There are two types of life insurance: term insurance and investment-linked insurance. Term insurance only pays out if you die within a set time (the term). Investment-linked life insurance pays out an agreed sum when you die, but it can also be cashed in during your lifetime, so it can be used as an investment.

You might receive a large, single payment of money from an insurance policy (a lump sum). In this case, you may want to pay it into a bank or building society easy-access account while you decide what to do with it. Easy-access accounts let you withdraw your money at any time without giving notice or paying a fee.

What you do with the money depends on your particular goals. For example, you may want to:

  • pay off a mortgage or other debts
  • buy any expensive items you need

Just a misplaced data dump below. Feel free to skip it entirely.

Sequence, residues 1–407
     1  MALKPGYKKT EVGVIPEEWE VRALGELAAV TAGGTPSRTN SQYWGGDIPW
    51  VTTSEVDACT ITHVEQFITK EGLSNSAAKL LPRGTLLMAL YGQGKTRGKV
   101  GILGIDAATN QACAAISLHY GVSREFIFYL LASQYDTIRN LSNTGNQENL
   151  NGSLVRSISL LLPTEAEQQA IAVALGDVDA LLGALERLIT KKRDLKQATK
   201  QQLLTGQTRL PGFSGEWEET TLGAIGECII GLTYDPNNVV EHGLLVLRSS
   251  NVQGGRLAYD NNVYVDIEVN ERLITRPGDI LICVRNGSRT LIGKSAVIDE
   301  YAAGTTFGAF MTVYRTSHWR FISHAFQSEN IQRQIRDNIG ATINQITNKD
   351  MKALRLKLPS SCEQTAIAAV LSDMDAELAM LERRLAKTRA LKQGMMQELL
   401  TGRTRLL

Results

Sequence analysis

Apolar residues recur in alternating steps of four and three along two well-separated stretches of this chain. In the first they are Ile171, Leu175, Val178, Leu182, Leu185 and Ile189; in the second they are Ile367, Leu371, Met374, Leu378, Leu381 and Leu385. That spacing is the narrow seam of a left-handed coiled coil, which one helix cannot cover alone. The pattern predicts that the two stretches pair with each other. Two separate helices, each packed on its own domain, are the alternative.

• pay for a holiday
  • invest the money to use as an income
  • save the money for the future.

A wide variety of investments are available. Choosing the most suitable ones will depend on your particular goals and circumstances. If you need help deciding what to do, contact a financial adviser.

Remember that insurance payouts or money from investments could affect some of the state benefits you claim.

‘My monthly pension’s less than £12, which doesn’t go far. Fortunately I had some insurance policies that I’ve been able to surrender and invest for income.’ Nigel


Do you have any savings or investments?

If you have savings or investments, you may feel it’s the right time to cash them in. Many bank and building society accounts are easy-access accounts. But with other types of savings and investments, you may: